Don E. Gibbons, Ph.D., NJ Licensed Psychologist #03513
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The New Center for Counseling and Psychotherapy, LLC

The New Center for Counseling and Psychotherapy, LLC, is located at 675 Route 72 E Manahawkin, NJ 08050. Telephone us at(609)709-2043 and (609) 709-0009.Take Mill Creek Road South, just off Route 72, on the road to Beach Haven West.After about 400 feet, turn right into the office complex of Greater Coastal Realty. Then turn right and go past the Lyceum Gyn. Continue on to the Prudential Zack Building. We. are the last office at the end. We accept Medicare and most other major insurance.Weekend and evening office hours are avalable.

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Sunday, September 2, 2018

How to Induce Mystical Experiences at Will

(An earlier version of this posting was published in the Swedish journal, Hypnos, 2004, Vol. XXXI, No. 2, pp. 89-93).

Many clients approach life from a primarily religious point of view. Such believers -- particularly those who are elderly, infirm, or who have experienced a number of personal tragedies -- may experience a "dark night of the soul" (Peers, 1990) as they struggle to deal with the stresses of life without access to sources of experiential spiritual support for their beliefs. In working with clients such as these, it should be of little consequence whether the religious and metaphysical beliefs of the client are shared by the therapist or are in conflict with those of the therapist, or whether the therapist has no theological or metaphysical beliefs at all.

People of many different religious traditions have attested to the life changing potential of mystical and transcendental experiences involving the experience of contact with a consciousness beyond one's own. In one study of the Fundamentalist Christian experience of "salvation," for example, subjects readily attested to both the personal reality of the experience and its subsequent influence upon their lives, although such experiences did not seem to be universally attainable and did appear to be related to the ability to respond to suggestion (Gibbons & DeJarnette, 1972; Gibbons, 1988).
Mother Theresa (now Saint Theresa) had a mystical experience while she was still in her teens, and spent the rest of her life trying to re-capture it. But you don't have to closet yourself away and spend years in meditation, which may or may not be effective. With high-responding hypnotic clients who are willing to to undertake the journey, we are able to induce these types of experiences practically at will (Gibbons & Woods, 2016).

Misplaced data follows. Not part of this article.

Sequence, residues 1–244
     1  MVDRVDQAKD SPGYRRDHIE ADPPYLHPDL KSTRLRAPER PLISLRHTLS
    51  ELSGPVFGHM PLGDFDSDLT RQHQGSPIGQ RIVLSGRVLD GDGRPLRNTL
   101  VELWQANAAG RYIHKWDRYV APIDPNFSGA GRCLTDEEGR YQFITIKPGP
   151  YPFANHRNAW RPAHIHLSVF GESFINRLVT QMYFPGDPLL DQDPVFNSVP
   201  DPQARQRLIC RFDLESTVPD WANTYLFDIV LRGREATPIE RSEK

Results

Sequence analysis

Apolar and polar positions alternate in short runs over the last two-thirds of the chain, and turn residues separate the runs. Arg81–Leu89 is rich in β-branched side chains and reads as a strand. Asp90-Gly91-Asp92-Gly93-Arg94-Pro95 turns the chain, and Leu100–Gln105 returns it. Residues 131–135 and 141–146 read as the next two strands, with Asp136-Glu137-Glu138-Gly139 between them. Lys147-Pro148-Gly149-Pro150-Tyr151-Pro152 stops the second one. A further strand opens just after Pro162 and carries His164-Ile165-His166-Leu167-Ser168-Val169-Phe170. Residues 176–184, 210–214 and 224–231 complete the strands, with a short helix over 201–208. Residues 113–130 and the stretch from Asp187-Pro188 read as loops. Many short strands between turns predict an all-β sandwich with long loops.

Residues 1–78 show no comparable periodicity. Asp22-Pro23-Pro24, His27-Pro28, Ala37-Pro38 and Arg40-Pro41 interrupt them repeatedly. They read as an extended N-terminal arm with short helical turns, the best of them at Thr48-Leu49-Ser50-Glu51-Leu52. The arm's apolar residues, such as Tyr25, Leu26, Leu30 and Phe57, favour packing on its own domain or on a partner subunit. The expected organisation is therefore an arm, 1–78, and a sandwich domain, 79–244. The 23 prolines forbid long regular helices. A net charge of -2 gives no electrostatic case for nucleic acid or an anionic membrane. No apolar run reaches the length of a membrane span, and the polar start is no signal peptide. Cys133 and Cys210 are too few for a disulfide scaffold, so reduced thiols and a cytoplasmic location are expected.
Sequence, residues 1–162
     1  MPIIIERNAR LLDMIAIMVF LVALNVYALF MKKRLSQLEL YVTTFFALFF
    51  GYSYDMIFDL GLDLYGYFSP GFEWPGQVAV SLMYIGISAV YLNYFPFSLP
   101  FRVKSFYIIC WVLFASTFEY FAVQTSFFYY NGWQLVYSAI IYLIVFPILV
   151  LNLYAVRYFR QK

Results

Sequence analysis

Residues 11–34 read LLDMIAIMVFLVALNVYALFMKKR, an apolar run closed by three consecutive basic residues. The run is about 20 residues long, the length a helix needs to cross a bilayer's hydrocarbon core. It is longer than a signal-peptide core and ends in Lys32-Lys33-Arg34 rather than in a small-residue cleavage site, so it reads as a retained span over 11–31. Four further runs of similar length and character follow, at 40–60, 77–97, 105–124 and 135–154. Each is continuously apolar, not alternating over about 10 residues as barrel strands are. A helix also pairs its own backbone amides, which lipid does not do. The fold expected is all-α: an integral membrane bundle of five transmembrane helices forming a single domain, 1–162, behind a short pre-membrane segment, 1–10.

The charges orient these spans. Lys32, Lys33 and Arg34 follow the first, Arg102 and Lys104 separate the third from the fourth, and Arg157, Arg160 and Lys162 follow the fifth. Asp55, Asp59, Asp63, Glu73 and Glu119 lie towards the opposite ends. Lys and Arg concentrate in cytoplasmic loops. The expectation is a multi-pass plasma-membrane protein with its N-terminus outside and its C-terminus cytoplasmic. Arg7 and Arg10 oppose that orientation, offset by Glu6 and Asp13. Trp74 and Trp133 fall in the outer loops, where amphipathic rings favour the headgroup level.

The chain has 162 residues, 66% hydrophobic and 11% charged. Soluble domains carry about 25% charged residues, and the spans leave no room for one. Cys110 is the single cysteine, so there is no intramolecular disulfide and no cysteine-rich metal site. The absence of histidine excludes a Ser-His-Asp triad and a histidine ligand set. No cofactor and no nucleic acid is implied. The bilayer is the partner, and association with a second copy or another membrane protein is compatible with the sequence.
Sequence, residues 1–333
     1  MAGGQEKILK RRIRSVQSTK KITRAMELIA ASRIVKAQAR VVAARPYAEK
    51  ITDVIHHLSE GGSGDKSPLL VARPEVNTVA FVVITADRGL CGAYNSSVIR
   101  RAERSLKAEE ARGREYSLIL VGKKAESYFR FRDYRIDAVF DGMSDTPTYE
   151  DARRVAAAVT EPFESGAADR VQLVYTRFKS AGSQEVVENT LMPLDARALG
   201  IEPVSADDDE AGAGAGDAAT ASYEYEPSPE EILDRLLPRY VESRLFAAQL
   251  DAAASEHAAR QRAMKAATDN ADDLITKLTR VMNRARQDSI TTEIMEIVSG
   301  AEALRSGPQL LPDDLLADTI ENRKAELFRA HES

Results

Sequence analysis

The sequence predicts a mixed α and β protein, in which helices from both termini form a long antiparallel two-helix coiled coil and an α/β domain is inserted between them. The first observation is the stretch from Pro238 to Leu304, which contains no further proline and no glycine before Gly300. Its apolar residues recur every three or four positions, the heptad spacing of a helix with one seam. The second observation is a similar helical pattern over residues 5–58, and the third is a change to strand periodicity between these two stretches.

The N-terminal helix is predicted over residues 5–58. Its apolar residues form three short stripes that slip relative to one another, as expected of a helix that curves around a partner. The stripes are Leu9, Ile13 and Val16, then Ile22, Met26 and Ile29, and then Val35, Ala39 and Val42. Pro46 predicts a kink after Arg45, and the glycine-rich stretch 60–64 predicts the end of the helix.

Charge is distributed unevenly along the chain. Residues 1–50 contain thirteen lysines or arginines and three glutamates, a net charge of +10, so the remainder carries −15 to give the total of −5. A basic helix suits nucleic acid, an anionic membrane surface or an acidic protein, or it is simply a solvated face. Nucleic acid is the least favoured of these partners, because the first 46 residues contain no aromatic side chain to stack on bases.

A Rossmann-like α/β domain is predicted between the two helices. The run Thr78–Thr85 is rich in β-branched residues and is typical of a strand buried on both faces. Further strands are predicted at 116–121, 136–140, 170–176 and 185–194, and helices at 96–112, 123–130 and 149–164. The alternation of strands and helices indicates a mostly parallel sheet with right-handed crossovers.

A 58 year old retired English teacher and mother of five grown children recently had been divorced after a marriage of forty years and came to me for help with depression. She was spending the greater part of each day in bed, with the blankets drawn up over her head. She was taking antidepressants, but they did not seem to help. 

Early in the course of therapy, she mentioned that when she was about sixteen, she had a mystical experience: "I could step beyond the ordinary world of reality, and I felt totally loved." I asked her if she would like to re-visit this mystical experience in hypnosis as a way of getting over her depression, and she immediately agreed.

She responded very well to hypnosis. I regressed her to her earlier mystical event, and told her that we were going to make it even stronger using hyperempiria, or suggestion-enhanced experience. I suggested that we were reaching down into her vast, untapped potential for feeling happiness and joy. This happiness and joy was flowing out from the innermost depths of her being in many different ways and on many different levels, like water from a hundred secret springs. As these feelings continued to flow without limit, they were healing and cleansing every muscle and fiber and nerve of her body, driving out all of the worry, and all of the stress, and all of the care that she had ever felt, and leaving her glowing from head to toe with such an intensity of happiness that she could not bear it if she were not hypnotized.

She remained outwardly impassive as I continued in this vein, emphasizing that this happiness was greater and more intense than anything she had ever hoped for, dreamed of, longed for, or imagined. To further emphasize its strength, I suggested that when she returned from hypnosis, she would not be able to bring all of this intensity back with her, because it would be more than she could bear in the everyday state of consciousness in which we live and move and have our being. But nevertheless, it would transform her life, and turn each new day into a thing of wondrous beauty.

Her depression lifted within two more sessions. Because she was a Buddhist, it was easy to frame her mystical experience as evidence that true happiness comes from within. She no longer remains in bed all day, and frequently goes out to go shopping, play cards, or visit with friends. Her demeanor is pleasant, relaxed, and cheerful. She is continuing to come in for monthly sessions in order to keep her orientation focused on the positive aspects of life, and as a means of continuing her personal and spiritual development.